Memento Mori: ‘Remember Death’

Engraving from Book of Hours

Engraving from the Fifteen Signs Before Doomsday: “12. The stars and the planets will fall enflamed.”

In Spring 2018, students in the Medieval Portland Senior Capstone focused their research on a Book of Hours printed in 1507 by Thielman Kerver in Paris. The book’s comprehensive inclusion of Christian texts often left out of Books of Hours and its highly detailed illustrations made it a compelling subject for interdisciplinary study. In the spirit of the season, as trees shed dead leaves and nights lengthen, we have selected studies on sections of the Book of Hours that contemplate mortality, endings, and inward reflection. The Book of Hours itself will be on display Monday through Friday while Special Collections is open.

Visit the PSU Library first floor elevator lobby to view the exhibit, and follow us on Instagram for more selections from your Library’s unique collections!

French Comics Artists at PSU Library

The PSU Comics Studies Program, PSU French Department, and the French American Cultural society present a talk with French comics artists Antoine Maillard and Mélek Zertal.

Tuesday, November 6th, 2018
1:00 p.m. – 3:00 p.m.
Library Room 170

Paywall Film Screening

""Just when you’ve found the perfect article for your paper, you hit it: the paywall. Academic publishing is big business. More than $25 billion a year flows into for-profit academic publishers like Elsevier, some of whom have profit margins of 35%, bigger than Apple, Facebook, and Google. The documentary Paywall: The Business of Scholarship explores the high dollars in this industry and the possible solution of open access publishing.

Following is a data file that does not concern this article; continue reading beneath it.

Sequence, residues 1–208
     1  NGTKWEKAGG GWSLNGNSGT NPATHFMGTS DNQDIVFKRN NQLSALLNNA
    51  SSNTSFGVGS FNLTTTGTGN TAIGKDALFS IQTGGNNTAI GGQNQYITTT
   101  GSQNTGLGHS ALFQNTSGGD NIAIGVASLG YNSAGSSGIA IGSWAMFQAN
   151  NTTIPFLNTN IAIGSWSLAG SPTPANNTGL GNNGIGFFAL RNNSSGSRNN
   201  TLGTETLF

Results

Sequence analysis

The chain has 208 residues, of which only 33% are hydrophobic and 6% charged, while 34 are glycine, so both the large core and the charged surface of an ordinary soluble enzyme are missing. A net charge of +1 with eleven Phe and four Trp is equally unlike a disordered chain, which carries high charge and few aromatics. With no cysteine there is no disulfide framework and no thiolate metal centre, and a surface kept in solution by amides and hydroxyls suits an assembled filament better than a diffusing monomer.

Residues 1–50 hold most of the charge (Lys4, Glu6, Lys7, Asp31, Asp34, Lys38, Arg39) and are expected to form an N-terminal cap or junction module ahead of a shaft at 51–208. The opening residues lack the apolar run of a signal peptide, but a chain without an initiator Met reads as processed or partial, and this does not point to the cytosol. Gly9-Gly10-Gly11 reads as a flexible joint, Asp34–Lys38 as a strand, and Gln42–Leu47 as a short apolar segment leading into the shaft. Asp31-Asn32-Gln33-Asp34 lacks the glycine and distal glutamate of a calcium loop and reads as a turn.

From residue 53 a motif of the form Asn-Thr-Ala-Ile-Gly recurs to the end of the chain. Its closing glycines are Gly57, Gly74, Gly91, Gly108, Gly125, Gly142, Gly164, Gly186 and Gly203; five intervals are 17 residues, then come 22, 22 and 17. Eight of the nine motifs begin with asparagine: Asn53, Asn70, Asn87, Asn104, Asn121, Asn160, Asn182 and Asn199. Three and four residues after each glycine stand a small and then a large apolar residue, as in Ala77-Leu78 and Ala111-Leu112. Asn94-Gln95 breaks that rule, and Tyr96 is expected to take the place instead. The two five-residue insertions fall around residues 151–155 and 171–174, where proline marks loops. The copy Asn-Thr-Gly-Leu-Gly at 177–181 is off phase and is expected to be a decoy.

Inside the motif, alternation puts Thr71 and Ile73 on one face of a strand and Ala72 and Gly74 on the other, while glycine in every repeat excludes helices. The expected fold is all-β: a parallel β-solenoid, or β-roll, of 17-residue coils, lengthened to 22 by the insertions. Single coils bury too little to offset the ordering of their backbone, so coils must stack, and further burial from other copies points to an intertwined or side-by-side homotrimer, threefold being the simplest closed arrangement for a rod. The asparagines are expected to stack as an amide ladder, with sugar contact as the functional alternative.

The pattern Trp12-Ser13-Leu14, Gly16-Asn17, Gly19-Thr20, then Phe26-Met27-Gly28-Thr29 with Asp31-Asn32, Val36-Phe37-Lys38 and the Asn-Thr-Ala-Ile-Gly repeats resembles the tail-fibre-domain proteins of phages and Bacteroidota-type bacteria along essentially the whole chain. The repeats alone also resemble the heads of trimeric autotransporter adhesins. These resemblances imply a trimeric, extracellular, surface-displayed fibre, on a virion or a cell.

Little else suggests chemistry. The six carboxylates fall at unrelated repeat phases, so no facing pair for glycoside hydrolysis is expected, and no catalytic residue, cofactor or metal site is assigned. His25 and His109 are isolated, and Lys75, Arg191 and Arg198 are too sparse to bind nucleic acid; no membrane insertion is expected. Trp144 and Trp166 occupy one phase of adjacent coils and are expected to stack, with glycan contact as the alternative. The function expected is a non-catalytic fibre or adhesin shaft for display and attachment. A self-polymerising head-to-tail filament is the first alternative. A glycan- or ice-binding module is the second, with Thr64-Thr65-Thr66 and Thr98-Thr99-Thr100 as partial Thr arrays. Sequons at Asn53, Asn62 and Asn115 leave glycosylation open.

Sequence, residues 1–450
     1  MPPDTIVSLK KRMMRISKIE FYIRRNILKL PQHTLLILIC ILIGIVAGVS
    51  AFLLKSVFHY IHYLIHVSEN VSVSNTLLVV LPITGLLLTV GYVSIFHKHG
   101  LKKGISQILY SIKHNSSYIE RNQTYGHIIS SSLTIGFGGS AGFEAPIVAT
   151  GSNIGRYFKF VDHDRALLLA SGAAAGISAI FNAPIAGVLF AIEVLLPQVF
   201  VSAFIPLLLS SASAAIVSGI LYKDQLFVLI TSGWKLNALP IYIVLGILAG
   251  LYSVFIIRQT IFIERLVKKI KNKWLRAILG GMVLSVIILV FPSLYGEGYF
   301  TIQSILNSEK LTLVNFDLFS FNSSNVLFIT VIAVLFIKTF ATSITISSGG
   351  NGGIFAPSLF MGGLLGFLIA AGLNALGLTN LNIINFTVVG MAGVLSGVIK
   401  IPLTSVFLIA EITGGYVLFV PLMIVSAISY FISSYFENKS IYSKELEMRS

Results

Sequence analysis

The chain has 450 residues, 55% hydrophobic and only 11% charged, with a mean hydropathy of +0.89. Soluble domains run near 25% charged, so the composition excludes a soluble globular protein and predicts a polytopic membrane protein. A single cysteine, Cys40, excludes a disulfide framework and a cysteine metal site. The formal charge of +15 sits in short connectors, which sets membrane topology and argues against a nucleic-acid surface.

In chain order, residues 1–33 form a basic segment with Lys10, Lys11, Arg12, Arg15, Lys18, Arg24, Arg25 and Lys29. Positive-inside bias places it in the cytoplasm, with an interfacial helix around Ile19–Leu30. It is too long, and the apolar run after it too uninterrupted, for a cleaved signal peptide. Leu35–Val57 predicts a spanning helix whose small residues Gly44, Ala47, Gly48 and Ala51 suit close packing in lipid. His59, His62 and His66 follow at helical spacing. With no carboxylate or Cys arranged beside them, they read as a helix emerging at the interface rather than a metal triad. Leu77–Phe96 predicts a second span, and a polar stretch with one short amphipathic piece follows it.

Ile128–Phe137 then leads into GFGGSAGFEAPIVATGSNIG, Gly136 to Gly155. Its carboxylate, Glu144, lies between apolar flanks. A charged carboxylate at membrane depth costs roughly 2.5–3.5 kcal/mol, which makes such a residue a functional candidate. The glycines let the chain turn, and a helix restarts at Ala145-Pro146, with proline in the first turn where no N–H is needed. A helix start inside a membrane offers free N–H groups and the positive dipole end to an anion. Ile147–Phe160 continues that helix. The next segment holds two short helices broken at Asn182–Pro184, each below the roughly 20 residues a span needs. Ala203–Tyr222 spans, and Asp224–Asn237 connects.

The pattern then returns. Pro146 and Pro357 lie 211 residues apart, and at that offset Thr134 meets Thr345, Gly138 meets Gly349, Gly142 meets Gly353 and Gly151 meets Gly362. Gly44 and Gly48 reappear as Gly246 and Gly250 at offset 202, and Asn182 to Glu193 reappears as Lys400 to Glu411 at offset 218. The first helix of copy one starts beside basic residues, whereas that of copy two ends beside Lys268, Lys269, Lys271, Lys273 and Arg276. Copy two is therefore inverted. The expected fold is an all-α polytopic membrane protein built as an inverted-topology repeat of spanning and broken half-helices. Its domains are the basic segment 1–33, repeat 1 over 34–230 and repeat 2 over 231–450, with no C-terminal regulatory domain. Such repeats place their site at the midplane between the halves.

Join PSU Library for a free screening of Paywall during Open Access Week. 

Monday, October 22
4:00-5:30 p.m.
PSU Library Room 170
Light refreshments available

PSU Library Special Collections Participates in Oregon Archives Crawl

Join PSU Library Special Collections and University Archives and more than 30 other local archives, special collections, and heritage organizations on Saturday, October 20, 2018 for the Oregon Archives Crawl

""Start the Crawl at any of these locations: City of Portland Archives & Records Center, the Oregon Historical Society or the Multnomah County Library. At each site you’ll find representatives from archives, special collections, and heritage organizations. “Passports” are available at each site to help guide you and provide a list of organizations. From young, old, and in-between to vintage photo lover to history buff to scholar to student to genealogist to building researcher to those who are just curious to learn something new: everyone is welcome.

This event is free and open to the public. 

More information: Oregon Archives Crawl

New Website Design

The Library has refreshed the design of our website for the start of fall term! The new design is simpler and cleaner and, we hope, will help users find what they need more quickly. The navigation is the same, and you should be able to find the same content through the same paths as before.

You can get a tour of the Library website here:

Our new website design was created by Jack Bouba and Brennen Florey in the PSU Office of Information Technology, with implementation by Library Lead Web Programmer Mike Flakus and Library Technologies staff and student workers. We appreciate the significant contributions of library staff in launching the new design.

If you encounter broken links or problems with the new site, please let us know using our Suggestions Form.

If you have general questions about Library services and resources, please Ask a Librarian.